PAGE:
|War of 1812|
|Commanders and leaders|
|*James Madison||*Lord Liverpool|
There were several immediate stated causes for the U.S. declaration of war: first, a series of trade restrictions introduced by Britain to impede American trade with France, a country with which Britain was at war (the U.S. contested these restrictions as illegal under international law); second, the impressment (forced recruitment) of U.S. citizens into the Royal Navy; third, the British military support for Native Americans who were offering armed resistance to the expansion of the American frontier to the Northwest.
The war was fought in four theatres: on the oceans; along the Atlantic coast of the U.S.; on the long frontier, running along the Great Lakes and Saint Lawrence River, which separated the U.S. from Upper and Lower Canada (Ontario and Quebec); and finally along the coast of the Gulf of Mexico. During the course of the war, both the Americans and British launched invasions of each other's territory, all of which were unsuccessful or gained only temporary success. At the end of the war, the British held parts of Maine and some outposts in the sparsely populated West while the Americans held Canadian territory near Detroit, but these occupied territories were restored at the end of the war.
In the United States, battles such as New Orleans and the earlier successful defence of Baltimore (which inspired the lyrics of the U.S. national anthem, The Star-Spangled Banner) produced a sense of euphoria over a "second war of independence" against Britain. It ushered in an "Era of Good Feelings," in which the partisan animosity that had once verged on treason practically vanished. Canada also emerged from the war with a heightened sense of national feeling and solidarity. Britain, which had regarded the war as a sideshow to the Napoleonic Wars raging in Europe, was less affected by the fighting; its government and people subsequently welcomed an era of peaceful relations with the United States.
Harry Turtledove has never directly written about the War of 1812, but he has referenced it or engaged its consequences (see below) in multiple works. The course of the war remains as described above in all Turtledove works with a Point of Divergence after 1815.
For probable analogs of the war see also:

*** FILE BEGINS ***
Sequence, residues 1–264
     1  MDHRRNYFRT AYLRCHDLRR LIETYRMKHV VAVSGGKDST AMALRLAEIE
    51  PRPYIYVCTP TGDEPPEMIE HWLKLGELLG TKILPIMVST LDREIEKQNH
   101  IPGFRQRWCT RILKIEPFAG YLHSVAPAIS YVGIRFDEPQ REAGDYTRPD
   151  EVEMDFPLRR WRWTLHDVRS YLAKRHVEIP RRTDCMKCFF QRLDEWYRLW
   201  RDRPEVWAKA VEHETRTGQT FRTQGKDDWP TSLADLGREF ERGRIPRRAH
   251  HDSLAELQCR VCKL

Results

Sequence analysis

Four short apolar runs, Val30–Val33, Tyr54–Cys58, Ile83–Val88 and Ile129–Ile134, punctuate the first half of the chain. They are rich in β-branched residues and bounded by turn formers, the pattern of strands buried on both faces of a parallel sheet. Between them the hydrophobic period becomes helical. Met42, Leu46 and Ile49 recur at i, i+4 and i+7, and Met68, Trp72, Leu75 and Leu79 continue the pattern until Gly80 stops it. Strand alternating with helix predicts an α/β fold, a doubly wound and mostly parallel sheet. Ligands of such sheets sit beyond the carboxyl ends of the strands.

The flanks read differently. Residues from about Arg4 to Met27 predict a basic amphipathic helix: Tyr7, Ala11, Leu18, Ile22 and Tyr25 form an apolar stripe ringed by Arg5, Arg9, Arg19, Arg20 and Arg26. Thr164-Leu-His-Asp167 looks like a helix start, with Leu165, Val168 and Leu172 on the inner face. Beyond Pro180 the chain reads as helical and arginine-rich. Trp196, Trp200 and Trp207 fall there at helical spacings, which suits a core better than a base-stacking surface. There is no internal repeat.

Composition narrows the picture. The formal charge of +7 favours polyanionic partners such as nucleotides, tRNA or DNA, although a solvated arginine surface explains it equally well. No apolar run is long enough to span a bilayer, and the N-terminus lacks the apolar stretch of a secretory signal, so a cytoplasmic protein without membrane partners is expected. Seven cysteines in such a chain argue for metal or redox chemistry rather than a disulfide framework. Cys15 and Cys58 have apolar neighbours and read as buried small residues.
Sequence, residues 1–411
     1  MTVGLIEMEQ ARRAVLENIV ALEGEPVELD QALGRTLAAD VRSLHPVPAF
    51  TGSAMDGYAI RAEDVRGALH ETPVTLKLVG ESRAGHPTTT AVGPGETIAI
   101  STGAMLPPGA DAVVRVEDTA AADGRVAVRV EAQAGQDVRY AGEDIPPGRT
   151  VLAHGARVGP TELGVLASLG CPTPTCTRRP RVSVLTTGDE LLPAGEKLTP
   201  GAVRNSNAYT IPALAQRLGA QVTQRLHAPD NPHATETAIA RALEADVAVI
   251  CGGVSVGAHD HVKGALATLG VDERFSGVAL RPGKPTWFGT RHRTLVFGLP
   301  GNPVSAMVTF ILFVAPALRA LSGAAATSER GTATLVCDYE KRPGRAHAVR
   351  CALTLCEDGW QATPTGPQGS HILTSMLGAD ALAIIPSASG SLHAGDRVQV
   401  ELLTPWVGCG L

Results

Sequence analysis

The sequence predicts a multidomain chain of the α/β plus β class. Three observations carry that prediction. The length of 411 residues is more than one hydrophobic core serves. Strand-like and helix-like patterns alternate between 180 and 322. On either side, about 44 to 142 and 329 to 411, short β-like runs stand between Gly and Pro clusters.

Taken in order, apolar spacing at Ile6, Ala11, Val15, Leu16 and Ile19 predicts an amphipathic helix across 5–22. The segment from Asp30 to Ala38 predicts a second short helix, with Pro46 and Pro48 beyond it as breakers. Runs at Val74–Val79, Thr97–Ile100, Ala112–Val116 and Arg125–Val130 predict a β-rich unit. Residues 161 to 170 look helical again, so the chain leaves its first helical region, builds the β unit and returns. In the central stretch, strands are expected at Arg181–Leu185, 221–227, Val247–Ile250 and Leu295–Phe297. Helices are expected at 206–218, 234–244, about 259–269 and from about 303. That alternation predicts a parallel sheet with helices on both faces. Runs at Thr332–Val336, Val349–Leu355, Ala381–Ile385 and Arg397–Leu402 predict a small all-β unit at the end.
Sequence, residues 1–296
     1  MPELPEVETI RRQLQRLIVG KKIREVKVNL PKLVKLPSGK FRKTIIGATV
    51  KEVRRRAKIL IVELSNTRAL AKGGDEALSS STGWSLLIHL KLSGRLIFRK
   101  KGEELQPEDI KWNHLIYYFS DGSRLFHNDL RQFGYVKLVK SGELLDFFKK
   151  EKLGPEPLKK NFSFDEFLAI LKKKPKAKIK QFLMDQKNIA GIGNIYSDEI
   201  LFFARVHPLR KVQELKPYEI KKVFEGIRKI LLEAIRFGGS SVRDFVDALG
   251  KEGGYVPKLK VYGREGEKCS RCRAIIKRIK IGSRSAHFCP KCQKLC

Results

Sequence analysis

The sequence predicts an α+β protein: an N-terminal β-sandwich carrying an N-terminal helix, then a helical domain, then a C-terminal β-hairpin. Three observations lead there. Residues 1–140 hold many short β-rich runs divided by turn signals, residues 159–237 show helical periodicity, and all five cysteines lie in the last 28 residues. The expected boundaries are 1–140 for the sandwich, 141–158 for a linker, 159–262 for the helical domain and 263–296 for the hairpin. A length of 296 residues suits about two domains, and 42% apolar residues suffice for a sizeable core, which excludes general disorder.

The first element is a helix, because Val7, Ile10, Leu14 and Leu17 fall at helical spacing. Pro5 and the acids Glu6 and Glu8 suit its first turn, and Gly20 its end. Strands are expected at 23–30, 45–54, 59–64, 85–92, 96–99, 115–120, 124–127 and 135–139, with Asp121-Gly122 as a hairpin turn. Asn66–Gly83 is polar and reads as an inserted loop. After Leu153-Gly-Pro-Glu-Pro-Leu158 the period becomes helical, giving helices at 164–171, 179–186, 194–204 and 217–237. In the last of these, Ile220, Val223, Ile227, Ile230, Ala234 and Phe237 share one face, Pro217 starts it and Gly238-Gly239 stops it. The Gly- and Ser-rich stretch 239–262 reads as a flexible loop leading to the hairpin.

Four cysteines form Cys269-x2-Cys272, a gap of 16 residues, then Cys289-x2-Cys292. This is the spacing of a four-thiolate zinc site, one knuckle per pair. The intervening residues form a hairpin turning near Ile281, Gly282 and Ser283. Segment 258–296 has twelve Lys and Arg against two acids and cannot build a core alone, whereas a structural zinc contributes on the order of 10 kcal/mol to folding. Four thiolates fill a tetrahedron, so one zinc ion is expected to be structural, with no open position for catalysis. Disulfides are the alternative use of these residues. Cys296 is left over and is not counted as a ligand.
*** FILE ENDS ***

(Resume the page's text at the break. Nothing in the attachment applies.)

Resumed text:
- War of 1218 (The War Between the Provinces)
- War of 1809 (Atlantis series)
- A "War of 1812" was referenced in The Disunited States of America, but no details were shared.
War of 1812 in Southern VictoryEdit
The War of 1812 would prove to be merely the second in a series of military conflicts between the United States and Britain. It also planted the seed of distrust between the U.S. and Canada, which would blossom into outright hatred throughout the course of the 19th and 20th centuries.
Britain intervened in the War of Secession on the side of the Confederate States in 1862, and both Britain and Canada went to war with the U.S. in the Second Mexican War of 1881. The U.S. lost, and Britain was able to reassert some its claims to the state of Maine and annex the northern half of the state. The US avenged itself in 1917 when it defeated Anglo-Canadian forces at the end of the Great War. It forced the British Empire off continental North America entirely, and Canada ceased to exist as a nation, with the province of Quebec being made into its own republic and the anglophone provinces being subjected to US occupation and martial law indefinitely. Canadian resistance campaigns of varying degrees of intensity would flare up periodically for at least another generation. Meanwhile the US would openly support Irish campaigns to liberate the Emerald Isle from British rule, putting US Navy personnel into a combat situation with their British counterparts. The US and UK would fight one last time during the Second Great War, waging major naval campaigns against one another in the Caribbean and North Atlantic.